Saturday, May 5, 2012

Planning To Lease Your Mineral Rights? Here Are 6 Risky Issues You May Face

Mineral rights owners are often confused whether to sell or lease their ownership. Leasing seems to be pretty luring as it is assumed by many to be a steady income-generating option. But, in reality, leasing is not as simple and beneficial as it is perceived.

Below are 6 common potential risks when leasing mineral rights:

1. Unsteady Royalty Payments
A royalty payment is the compensation received by the mineral rights owner in return for giving the mining company the right to extract oil and gas from his property. Although there are different methods in calculating this payment, the most basic form would be an up-front lease bonus payment plus a royalty percentage of the value of production.

It is clear that royalty depends on the value of the production. If you are leasing the rights for the first time, the production will be substantial in the first few months. As the drilling goes on, the producing potential of the well decreases and will affect your royalty payments. Unless, you have a good producing well, leasing generally leaves you with an unsteady income. Also, there is a chance the leasing company does not intend to drill at all during the lease period leaving you with no income and tying your property up.

2. Risk of Depleting Assets
It is very difficult to predict the producing life of a well. Sometimes a newly drilled well which produces a substantial amount may suddenly stop producing and become depleted. Once it's depleted, your mineral rights become worthless. You neither receive royalties nor can you sell rights to other companies.

3. Negative Impact on Property's Value
One of the biggest drawbacks of leasing is not knowing the right terms and clauses to include in a lease. This can potentially greatly decrease your income on a property. If you sign a lease but leave in negative or operator friendly lease language you can impact the overall property value. Also in many cases, it's best not to lease to get the greatest value for your rights. In any case it's best to look into this before executing a lease. If you own severed mineral rights, many times the surface owner can be a big messy problem to deal with. Many clauses that deal with surface ownership should be taken very seriously and left to those that know it best.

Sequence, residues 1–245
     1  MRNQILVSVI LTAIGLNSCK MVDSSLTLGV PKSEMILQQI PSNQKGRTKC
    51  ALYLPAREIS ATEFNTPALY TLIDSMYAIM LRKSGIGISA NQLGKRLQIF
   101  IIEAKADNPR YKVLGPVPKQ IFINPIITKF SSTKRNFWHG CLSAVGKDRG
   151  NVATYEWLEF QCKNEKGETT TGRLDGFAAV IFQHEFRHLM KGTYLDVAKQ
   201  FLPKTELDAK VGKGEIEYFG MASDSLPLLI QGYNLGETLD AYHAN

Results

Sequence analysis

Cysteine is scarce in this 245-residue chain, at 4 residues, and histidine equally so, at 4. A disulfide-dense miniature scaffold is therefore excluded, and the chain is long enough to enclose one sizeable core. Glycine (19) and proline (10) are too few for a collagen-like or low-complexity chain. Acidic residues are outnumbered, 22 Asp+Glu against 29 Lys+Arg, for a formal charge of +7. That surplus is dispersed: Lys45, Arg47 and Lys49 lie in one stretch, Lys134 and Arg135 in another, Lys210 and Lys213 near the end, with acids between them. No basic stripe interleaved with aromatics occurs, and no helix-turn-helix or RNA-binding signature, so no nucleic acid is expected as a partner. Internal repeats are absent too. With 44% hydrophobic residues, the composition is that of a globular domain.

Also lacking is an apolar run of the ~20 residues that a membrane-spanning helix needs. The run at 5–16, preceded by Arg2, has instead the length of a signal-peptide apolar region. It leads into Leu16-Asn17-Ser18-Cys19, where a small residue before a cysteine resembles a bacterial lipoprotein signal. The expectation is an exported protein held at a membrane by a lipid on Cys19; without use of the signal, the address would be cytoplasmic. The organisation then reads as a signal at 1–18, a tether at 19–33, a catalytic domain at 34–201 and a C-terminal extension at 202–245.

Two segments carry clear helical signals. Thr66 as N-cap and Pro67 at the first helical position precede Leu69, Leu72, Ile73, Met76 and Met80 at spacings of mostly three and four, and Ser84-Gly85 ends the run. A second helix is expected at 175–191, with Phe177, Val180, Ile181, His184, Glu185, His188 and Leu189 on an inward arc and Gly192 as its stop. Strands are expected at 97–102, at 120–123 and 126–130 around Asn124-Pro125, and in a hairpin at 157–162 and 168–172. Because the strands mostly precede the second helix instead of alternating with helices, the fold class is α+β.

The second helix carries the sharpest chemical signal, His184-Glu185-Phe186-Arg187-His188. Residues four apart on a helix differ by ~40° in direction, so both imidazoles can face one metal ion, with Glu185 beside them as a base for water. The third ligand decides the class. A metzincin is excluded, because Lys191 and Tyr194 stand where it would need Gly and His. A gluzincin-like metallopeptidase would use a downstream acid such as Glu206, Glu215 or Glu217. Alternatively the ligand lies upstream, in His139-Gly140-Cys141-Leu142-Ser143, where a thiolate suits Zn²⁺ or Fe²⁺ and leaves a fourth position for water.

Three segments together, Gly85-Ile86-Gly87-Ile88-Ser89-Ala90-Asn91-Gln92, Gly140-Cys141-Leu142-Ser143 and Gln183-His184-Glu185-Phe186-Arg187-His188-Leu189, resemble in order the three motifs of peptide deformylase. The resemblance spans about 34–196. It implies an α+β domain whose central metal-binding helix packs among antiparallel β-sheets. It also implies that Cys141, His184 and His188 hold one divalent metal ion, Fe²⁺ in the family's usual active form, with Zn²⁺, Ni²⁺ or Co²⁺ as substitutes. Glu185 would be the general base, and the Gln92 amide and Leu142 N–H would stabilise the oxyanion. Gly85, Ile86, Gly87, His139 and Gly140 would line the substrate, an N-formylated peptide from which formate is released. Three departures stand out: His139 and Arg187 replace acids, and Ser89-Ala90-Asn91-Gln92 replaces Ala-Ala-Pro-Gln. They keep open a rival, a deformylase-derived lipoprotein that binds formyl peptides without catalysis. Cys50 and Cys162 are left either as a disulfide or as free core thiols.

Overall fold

4. Complicated Legal Procedures
Once two parties agree on the mineral rights lease, both parties have to sign an agreement which is generally prepared and drafted by the leasing company. All legal procedures and documentation with regard to leasing is complicated and can lead to disputes and disagreements during the extraction and production. If you disagree with any of the operations after the drilling commences, as per the agreement, you will be bound by the lease that was executed in in most cases cannot stop the operator from drilling.

5. Heavy Tax Burdens
While most income from a mineral rights sale is taxed at 15% (Capital Gains), the income from royalty and bonus payments from a lease payment is charged for ordinary income rates which can be very high! (Check with your tax professional). It is usually very beneficial to sell the mineral rights over leasing them due to the much lower potential tax rate of the income and sale.

6. Accounting Hassles
Receiving a royalty payment may seem exciting, but the accounting and records maintenance is a challenging task. One has to monitor the drilling process, payment process and pending payments. In addition and more importantly, in order to check the accuracy of the accounting, professional audits will be necessary.

The only way to avoid all of the above-mentioned hassles is to sell the mineral rights. By selling your mineral rights, you will receive a lump sum cash payment that you can put to use on other investments like real estate or payment of bills or payments that are due.

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